Everybody seems to be freaking out a little bit over the “Disney buying Marvel” news that came out today. As you may have gathered from the title of this post, I’m not. This will probably end up affecting Marvel about as much as Warner Brothers buying DC affected that company. Which is pretty much not at all, aside from movies and TV. And I don’t really care about the drama of buying back the rights to Spider-Man and X-Men so Disney can have them all.
You know what I do care about? Comics. Specifically, the comics I bought last Wednesday. It was a pretty slow week for me. I only bought six comics, and two of those were comics I probably wouldn’t have bothered to pick up in a bigger week.
Blackest Night: Titans #1 was the first of those. While I’ve been very excited about Blackest Night so far, this Titans mini-series didn’t seem like a must-buy for me. I don’t have a warm spot in my heart for the Titans (Teen or otherwise) like some do, so I’m not that familiar with the death that’s always surrounded the team in its various forms. Besides, most of the cool dead Titans aren’t dead anymore. That leaves a Black Lantern Titans team of Hawk (make that two Hawks, I guess), Terra and Lilith? Yawn.
There was one really cool moment in this issue, though. You know how whenever a Black Lantern looks at somebody they see the person in the color of the emotional spectrum they’re currently experiencing? Well Dove showed up as white, with no indication of what emotion that represents. Which means we’re probably going to be seeing some White Lanterns popping up before all is said and done. Maybe this will tie into the other Dove (the dead one) and why he didn’t rise when called upon by the black ring.
Fantastic Four #570 was the second comic I almost didn’t buy. I’ve been buying the series for well over a decade, and I can’t seem to pinpoint the reason I’ve kept up with it. The Mark Waid/Mike Weiringo run on the book is the only time I really felt the series was really “good,” but I still bought it out of habit. Thanks to the Mark Millar/Bryan Hitch mega-arc that ran late and fell flat (not to mention wasn’t even completed by Millar and Hitch), I’ve sort of lost my affection for Marvel’s First Family. I was all ready to drop the book with the start of this new creative team, but by shear luck the first issue dropped during a slow week.
New artist Dale Eaglesham used to draw JSA for DC, and he was great at it. All the characters looked like they should look. Flash had a trim runner’s build. Wildcat was stocky. Power Girl looked sort of mannish. But Eaglesham doesn’t accomplish the same with the Fantastic Four. Reed should be thin, he shouldn’t have rippling muscles and a square jaw. Johnny’s a lot more stacked than he should be too. A quick look at the cover by Alan Davis gives you a perfect idea of what the FF should look like. So how’s the story? Meh. At least Jonathan Hickman isn’t trying to shoehorn the Fantastic Four into a story that would work better with the Avengers.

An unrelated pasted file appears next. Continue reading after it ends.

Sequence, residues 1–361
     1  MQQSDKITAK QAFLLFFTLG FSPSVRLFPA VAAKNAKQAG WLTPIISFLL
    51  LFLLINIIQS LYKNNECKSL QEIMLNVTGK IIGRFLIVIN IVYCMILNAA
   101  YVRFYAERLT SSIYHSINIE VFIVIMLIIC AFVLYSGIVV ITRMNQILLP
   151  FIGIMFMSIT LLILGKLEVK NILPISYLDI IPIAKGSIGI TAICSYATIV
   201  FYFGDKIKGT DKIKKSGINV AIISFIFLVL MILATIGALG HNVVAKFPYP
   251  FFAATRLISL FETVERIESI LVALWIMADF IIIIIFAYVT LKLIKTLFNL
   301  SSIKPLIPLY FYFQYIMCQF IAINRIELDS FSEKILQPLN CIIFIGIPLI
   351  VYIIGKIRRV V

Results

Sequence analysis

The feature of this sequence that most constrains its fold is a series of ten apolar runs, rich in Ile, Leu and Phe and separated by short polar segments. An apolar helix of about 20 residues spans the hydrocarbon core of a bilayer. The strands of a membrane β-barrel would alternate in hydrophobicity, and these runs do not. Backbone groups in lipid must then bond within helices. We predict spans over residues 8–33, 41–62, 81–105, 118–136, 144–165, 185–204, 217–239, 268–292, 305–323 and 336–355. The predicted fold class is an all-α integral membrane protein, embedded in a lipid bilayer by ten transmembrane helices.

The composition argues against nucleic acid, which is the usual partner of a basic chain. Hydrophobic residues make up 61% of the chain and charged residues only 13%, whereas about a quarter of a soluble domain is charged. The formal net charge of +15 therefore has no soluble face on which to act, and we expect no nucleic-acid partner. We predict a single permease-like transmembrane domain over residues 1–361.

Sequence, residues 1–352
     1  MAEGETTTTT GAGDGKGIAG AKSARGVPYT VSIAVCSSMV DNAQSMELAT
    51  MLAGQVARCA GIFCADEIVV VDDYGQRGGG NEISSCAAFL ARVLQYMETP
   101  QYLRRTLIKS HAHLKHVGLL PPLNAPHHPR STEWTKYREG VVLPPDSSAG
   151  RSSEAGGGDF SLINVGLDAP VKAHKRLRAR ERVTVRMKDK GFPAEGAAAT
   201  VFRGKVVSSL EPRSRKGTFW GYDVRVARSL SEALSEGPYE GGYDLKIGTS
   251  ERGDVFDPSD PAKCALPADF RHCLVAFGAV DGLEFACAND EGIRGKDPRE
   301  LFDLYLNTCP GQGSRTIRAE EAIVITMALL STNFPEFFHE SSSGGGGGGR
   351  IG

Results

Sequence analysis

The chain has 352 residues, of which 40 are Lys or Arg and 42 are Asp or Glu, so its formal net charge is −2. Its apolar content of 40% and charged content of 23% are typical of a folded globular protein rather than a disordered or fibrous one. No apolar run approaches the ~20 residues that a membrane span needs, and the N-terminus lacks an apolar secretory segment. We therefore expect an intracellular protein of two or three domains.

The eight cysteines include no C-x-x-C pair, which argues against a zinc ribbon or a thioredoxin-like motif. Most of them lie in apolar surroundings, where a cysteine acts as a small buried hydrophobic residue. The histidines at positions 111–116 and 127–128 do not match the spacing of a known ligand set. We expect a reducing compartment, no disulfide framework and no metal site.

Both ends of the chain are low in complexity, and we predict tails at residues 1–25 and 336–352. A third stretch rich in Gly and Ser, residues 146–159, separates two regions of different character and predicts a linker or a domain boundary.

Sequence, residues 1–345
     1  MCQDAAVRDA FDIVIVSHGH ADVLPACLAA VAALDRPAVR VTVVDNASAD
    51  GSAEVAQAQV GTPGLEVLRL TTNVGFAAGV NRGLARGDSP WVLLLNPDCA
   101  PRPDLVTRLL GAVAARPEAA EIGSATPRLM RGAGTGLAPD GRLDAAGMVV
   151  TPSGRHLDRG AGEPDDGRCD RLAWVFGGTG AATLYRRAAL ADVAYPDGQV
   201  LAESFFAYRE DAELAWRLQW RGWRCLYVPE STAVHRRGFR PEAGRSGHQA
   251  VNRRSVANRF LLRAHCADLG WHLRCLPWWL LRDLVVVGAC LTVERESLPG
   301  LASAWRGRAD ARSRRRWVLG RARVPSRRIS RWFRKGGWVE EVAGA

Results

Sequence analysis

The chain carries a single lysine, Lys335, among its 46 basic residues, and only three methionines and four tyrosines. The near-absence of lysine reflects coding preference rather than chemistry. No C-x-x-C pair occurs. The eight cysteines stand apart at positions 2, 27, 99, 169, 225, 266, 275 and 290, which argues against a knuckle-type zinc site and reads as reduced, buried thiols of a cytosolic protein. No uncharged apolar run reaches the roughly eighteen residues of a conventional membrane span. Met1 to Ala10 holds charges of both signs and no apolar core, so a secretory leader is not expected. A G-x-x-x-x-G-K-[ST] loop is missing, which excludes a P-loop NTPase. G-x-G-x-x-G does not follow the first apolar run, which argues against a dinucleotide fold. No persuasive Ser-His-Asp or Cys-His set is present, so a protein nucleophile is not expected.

While I’m writing about books I almost didn’t buy, I might as well bring up Justice Society of America # 30. I was going to stop reading JSA when Geoff Johns stopped writing it, but then Bill Willingham’s first issue comes out during a slow week. I enjoyed Willingham’s work during Infinite Crisis and Shadowpact, and everyone keeps telling me I’d like Fables, so I figured I’d give the guy a shot. The first issue didn’t convince me to pick up the second, but then they lucked out again and shipped on a slow week. I can’t say this has convinced me to pick up a third.
The Justice Society is a cool idea, but I’m not sure it works in practice. Having a cast of twenty or so characters doesn’t give you much time to develop any of them. That’s not really an issue with established characters like Wildcat and Power Girl, but folks like Lightning, Judomaster and Wildcat Jr. don’t really seem to have a purpose. Now there’s a new Dr. Fate and two new kids that haven’t even been shown in costume yet…it’s really too much for a 22-page comic. Jesus Merino does a great job of drawing all of them, at least. His art is understandably evocative of Carlos Pacheco (he was Pacheco’s inker for a long time), but given time I’m sure Merino will be able to make his own mark.